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Targeting Your Audience

Targeting Your Audience

Featured image function isn’t working on my end, so here it is. LOL


Not too long ago I gave some “controversial” advice to creators via Twitter. I said it is better for those in creative fields to not have a “target audience” when making their creations. Yes, not having a target audience when creating something you wish to sell sounds crazy. Naturally the advice garnered a somewhat mixed response. I’m writing this to explain my reasoning beyond Twitters limited communication.

I am a mixed media artist, writer, editor, and studied marketing for four years. While this doesn’t make me an expert, it does mean my stance is fairly educated. Also I have put this in the “comics” category because they will be my main examples, but this can apply to almost any art/entertainment field.


There Are Always Exceptions

I’m starting here, because “what about…” was the main response I received. Yes, of course, this is general advice and won’t always work for every project. The biggest example is targeting by age group. Ideally you should be free to create what you want and it should attract whatever age group it appeals to. However, if it is for kids you will want to keep them in mind through the entire process. That said, it’s really not too hard to make “all ages” content. In fact, a lot of the most successful cartoons aimed at children ended up with huge adult audiences. So unless your creation has to be adult oriented, you still have almost the entire world as potential audience.

Creating for a company/boss was another one. Technically that would mean my advice is aimed more towards said company/boss. It’s a valid argument, as companies themselves are often created for specific markets. I’m only talking about the creative/entertainment industry, however.

The rest of the scenarios were so specific it seemed the imagined creator was trying hard not to appeal to anyone at all. While I’m sure people have actually run into these situations, they’re still not difficult to overcome. If someone had the inspiration to come up with it, there’s a good chance others are going to take interest in it. Plenty of things have found their popularity stem from morbid curiosity, after all.

I also won’t to delve too far into how quality factors in. Quality can cause some things to fail while others have succeeded just by being hilariously terrible. I will explain how starting with a target audience already in mind can eat away at quality, however.


The original PowerPuffGirls started as a student animation project and managed to melt my edgy, young adult, “I hate anything cute or pink” heart, as well as that of my male peers. I think this is a major factor in its success.

Divided, We Fail

So, you want to create a [insert thing, ex a comic] with intent to cash in somehow. Marketing classes taught me I need to pick a target market/audience, research the heck out of them, then use said research to create something that will appeal/cater to them. This might work just fine for many products, but I think it’s harmful in arts/entertainment. How do I know? The past twenty years Disney has blatantly shown off the way they employ this tactic. Sure, they might not be bankrupt but we see headlines about the resulting damages (and terrible damage control) all the time. Same goes for AT&T/Warner!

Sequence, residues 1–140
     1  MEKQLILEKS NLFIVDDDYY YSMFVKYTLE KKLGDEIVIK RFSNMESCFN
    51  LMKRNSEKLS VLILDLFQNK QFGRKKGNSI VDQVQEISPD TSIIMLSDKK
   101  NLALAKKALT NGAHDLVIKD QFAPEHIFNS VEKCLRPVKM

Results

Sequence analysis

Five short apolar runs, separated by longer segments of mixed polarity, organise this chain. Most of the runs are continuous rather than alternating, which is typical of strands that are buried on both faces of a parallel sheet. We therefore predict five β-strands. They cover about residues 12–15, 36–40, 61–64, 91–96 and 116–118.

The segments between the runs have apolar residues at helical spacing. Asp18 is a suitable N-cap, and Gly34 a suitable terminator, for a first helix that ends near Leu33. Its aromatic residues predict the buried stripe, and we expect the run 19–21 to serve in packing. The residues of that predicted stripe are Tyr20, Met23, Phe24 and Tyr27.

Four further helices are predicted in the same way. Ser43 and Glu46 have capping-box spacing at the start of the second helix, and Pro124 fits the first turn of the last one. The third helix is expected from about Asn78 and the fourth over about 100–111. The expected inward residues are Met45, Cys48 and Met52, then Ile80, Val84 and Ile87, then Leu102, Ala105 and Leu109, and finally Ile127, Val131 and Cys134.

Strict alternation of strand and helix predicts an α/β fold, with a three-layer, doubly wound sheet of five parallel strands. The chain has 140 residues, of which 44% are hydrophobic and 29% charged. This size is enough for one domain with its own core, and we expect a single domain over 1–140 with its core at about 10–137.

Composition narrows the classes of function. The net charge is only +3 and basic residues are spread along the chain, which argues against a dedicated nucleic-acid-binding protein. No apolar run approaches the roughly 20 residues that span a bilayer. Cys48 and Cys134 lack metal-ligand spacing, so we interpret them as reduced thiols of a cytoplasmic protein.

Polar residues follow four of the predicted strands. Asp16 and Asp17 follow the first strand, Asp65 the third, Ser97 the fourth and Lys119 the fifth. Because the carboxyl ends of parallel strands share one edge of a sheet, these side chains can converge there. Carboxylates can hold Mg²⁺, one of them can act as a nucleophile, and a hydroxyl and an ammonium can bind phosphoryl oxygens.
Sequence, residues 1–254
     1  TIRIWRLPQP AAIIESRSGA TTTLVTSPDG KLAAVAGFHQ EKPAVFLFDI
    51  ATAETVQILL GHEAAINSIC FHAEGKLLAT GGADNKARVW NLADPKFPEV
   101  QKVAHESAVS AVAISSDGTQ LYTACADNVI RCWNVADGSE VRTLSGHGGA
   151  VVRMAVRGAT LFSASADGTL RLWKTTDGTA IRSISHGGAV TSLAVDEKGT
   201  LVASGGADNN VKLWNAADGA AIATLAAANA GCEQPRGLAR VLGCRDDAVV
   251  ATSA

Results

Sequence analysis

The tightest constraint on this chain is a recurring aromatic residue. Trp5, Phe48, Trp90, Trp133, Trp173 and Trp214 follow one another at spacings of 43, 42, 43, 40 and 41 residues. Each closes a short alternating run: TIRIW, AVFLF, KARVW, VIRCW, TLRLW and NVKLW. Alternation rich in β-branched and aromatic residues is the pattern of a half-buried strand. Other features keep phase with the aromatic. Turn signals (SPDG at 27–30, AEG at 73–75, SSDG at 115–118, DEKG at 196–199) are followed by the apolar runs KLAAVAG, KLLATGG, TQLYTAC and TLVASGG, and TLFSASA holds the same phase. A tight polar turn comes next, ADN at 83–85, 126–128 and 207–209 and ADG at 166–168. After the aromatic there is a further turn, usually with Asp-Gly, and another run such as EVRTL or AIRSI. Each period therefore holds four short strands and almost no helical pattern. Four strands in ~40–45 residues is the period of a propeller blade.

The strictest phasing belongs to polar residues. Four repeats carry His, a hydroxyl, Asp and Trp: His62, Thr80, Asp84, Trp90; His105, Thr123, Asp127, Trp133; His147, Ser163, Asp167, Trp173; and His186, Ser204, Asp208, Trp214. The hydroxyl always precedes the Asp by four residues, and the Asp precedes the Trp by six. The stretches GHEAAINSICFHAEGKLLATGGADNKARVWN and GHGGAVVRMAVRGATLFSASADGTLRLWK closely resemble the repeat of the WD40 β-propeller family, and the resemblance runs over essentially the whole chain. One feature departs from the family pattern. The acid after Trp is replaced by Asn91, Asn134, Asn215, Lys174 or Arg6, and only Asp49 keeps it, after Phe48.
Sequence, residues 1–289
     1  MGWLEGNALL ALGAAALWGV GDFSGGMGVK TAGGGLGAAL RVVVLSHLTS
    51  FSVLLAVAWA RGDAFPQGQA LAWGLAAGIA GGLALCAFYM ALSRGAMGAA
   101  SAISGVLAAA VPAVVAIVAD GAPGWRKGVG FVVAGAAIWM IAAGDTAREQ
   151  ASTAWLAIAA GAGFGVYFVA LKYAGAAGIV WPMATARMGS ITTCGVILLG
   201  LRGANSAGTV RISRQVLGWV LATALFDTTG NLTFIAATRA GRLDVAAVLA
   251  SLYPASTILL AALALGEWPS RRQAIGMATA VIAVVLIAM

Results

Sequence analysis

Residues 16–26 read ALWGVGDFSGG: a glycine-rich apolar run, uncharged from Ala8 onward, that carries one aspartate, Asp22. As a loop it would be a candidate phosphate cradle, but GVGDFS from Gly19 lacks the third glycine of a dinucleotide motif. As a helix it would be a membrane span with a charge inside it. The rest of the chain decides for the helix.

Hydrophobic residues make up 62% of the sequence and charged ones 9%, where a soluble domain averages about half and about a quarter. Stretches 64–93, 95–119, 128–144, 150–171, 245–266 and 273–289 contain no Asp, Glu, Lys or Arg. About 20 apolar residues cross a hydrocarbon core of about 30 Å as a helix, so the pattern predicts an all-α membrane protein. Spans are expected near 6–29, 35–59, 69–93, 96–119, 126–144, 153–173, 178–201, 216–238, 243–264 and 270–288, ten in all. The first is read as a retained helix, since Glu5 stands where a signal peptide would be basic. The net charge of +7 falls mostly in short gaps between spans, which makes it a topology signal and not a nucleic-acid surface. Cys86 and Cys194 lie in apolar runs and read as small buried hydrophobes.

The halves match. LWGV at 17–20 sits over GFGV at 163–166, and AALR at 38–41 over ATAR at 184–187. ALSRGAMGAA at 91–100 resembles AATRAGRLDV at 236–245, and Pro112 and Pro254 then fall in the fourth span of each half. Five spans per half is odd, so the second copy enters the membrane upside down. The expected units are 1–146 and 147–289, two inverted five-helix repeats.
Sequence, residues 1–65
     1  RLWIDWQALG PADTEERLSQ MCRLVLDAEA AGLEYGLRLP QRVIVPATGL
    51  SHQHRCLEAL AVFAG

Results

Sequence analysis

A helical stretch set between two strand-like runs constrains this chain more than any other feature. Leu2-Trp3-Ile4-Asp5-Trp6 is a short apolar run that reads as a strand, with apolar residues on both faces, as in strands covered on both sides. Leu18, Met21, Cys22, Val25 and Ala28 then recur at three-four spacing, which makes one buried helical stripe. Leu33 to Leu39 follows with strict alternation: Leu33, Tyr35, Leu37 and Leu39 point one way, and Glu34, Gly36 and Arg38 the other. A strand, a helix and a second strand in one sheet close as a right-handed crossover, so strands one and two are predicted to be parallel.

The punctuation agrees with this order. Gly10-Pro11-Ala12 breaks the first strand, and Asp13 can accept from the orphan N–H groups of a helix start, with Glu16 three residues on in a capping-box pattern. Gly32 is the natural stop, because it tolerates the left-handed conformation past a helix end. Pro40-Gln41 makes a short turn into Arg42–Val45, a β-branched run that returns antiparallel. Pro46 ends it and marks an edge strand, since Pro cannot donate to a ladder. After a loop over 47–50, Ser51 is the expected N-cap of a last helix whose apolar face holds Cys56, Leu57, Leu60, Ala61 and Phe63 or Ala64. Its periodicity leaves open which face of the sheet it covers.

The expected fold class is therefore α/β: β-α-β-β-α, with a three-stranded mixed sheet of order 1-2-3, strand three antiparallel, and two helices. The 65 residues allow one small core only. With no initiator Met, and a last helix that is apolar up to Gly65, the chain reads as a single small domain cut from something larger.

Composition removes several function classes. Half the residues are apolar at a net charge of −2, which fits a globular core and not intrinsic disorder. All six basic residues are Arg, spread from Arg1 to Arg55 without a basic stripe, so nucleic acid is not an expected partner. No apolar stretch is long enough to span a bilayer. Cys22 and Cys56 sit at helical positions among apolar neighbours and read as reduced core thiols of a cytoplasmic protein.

While a lot of the problem can be traced to the marketing itself, just deciding to create content that already has a target audience set in stone is often a bad idea. Just look at Marvel comics. While Bronze to pre 2000s Modern Age comics didn’t appeal to everyone, they at least appealed to an extremely wide variety. Among their titles and characters there was something for everyone. Sure, there were a few duds, but even those were received better than what they currently produce.

Now they’ve decided to intentionally narrow their market by creating content/media aimed at a very specific audience. First was the bizarre choice to intentionally ostracize their original core audience – young males. I believe the industry has made huge strides in appealing to the ladies but in the past it wasn’t at the expense of anyone else. Then they alienated fans of individual characters/stories by changing or retconning while using them as mouth pieces to insult their (now former) fans.


Starting a project with “Research suggests feminism is hot right now, so I’m going to cram all the feminism and anti-masculinity I can into this product” instead of “I would like to create something people will enjoy” can mean the difference between only selling to the pink group vs selling to all the groups.

If You Build/Write/Draw/Animate/Sing/Film It…

People can tell when something is made by corporate executives or marketers. It shows in the quality! Again looking at Marvel, the writing quality decreased as the list of popular buzzwords increased. Art quality decreased as production was sped up with no demand. When you halt character development for the sake of cheap political commentary, you lose an audience to comment to.

This isn’t just advice for companies, though, but also the self employed. Whether your main goal is getting your creations in front of people or simply making money, don’t limit yourself before even making it to the marketing stages. Create the thing, market it primarily based on merit and maybe genre, build your audience without dividing them up into little sub groups. Then you can research what is grabbing your audiences attention and what is turning others away in order to hold onto an even wider market.


Creative fields may be the only place this advice rings true. Just market on the internet, not in the middle of a field. Good movie, by the way.


Creatives should just make things for people, not for statistics. The audience can tell the difference.